Get involved with city budget process


We applaud Mayor Jacqueline M. Izzo and her staff, in particular City Treasurer David Nolan, for their efforts in crafting the city’s proposed $44.9 million 2021 budget.

To their credit, the mayor’s proposed spending plan does not shift costs — including making up budget gaps created by decreased revenues — associated with the COVID-19 pandemic to taxpayers. The plan does not raise general city taxes for residents in either the city’s inside or outside districts.

City officials apparently understand that area residents and businesses simply cannot afford an increase in property taxes amid the huge financial unknowns of the coming year. Regrettably, but understandably, the proposed budget does call for a 5.75% increase in sewer rates and a flat $50 increase in refuse fees.

Over the past several years, the city had moved away from the practice of using accrued budget surplusses to balance upcoming budgets; however, the proposed $44.9 million plan does apply nearly $1.2 million of the city reserves. We appreciate the balancing act officials must undergo in the current financial climate, and, in this case, the application of such “rainy day funds” is appropriate and preferable to a tax increase for residents.

The spending plan is not without pain. It eliminates two full-time positions and nearly a half-dozen part time positions and some five temporary employees in the city’s Department of Public Works.

Despite those changes, personnel continues to be the biggest driver of city expenses, Fringe benefits, namely health insurance and retirement benefits, comprise 24.36% of expenses; while police and fire, including wages, represent 16.76% and 14.22% of the plan respectively. Public works comprises 15.78% of city expenses while general government will take up 13.08% of the budget.

More can and should be done to consolidate or share services — although we welcome the significant shifts in cooperation from purchasing to public safety that have occurred between the city, the county and other communities in the region.

According to the budget documents, total revenues in the proposed budget — for both inside and outside districts — are to be derived from a property tax levy of $15,358,405; $1,192,003 to be appropriated from the fund balance and $28,364,022 from other revenue sources, including state aid and sales tax revenue.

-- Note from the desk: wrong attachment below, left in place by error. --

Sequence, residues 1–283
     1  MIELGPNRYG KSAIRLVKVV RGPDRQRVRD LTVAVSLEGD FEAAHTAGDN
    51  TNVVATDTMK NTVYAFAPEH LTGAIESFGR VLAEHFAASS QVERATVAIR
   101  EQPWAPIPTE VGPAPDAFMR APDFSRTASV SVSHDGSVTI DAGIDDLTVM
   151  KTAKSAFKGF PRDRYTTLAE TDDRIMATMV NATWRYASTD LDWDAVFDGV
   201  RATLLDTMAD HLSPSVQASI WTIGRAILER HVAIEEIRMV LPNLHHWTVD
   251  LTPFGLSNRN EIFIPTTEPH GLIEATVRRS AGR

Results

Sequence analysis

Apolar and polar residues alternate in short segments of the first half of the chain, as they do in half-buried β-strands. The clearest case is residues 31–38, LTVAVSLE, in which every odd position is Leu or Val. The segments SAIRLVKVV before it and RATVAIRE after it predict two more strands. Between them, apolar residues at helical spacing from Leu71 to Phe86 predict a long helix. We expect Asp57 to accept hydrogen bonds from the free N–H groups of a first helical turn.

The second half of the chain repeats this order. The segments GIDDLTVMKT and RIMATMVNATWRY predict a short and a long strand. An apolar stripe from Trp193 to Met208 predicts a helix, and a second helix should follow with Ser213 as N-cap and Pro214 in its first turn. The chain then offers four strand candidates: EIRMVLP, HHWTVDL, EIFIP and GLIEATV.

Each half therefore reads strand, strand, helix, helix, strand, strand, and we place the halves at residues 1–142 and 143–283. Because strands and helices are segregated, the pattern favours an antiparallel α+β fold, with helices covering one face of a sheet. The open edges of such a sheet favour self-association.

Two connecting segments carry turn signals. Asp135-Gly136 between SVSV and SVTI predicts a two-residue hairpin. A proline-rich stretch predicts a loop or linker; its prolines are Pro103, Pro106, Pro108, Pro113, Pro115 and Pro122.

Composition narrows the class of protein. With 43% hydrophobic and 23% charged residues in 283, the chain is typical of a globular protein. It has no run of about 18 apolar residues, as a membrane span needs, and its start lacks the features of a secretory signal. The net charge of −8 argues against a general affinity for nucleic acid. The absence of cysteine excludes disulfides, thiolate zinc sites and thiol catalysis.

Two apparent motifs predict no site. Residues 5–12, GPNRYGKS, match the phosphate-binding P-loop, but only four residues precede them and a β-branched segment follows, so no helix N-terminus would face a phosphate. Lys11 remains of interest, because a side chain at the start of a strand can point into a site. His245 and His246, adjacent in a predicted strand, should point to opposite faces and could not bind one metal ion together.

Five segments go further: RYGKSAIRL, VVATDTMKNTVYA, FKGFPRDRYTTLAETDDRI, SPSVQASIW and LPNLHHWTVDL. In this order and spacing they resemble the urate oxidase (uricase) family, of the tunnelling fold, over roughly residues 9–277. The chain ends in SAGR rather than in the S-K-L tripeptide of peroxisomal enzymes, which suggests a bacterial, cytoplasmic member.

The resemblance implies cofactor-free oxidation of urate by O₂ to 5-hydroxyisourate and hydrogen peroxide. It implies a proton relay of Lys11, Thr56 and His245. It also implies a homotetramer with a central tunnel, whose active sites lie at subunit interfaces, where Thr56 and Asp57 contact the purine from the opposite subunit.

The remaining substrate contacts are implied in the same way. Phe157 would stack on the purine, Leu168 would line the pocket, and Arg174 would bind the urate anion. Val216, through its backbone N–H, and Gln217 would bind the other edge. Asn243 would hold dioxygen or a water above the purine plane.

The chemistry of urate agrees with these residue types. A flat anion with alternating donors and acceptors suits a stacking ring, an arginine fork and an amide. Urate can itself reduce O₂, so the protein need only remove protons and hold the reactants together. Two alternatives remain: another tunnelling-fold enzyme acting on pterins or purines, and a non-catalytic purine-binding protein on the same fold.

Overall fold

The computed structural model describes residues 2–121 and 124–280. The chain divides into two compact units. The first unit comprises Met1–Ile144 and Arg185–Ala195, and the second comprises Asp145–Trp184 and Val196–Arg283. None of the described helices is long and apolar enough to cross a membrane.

The mayor reports that the COVID-19 pandemic has led to a 30% decline in sales tax revenue for many months, but sales tax revenues are now showing signs of bouncing back. This recovery is essential for the survival of our local business community as is the support of area residents. There is no substitute for a community to self-support itself, primarily by buying locally when — and while — the option exists.

Wise spending, like good government, depends on transparency and participation — and there is no substitute for an informed public getting involved with the process.

Among the easiest ways to get involved is to share your views during an upcoming public hearing to be held at 6:30 p.m. on Wednesday, Nov. 11.

You can also follow the news articles on the city budget, particularly as the Common Council begins its budget deliberations with city department heads and share your views privately with your municipal representatives. You can find your councilor’s contact information — as well as the mayor and other city officials — on the city’s website, where it just so happens, you can also find every line of the $44.9 million budget proposal.


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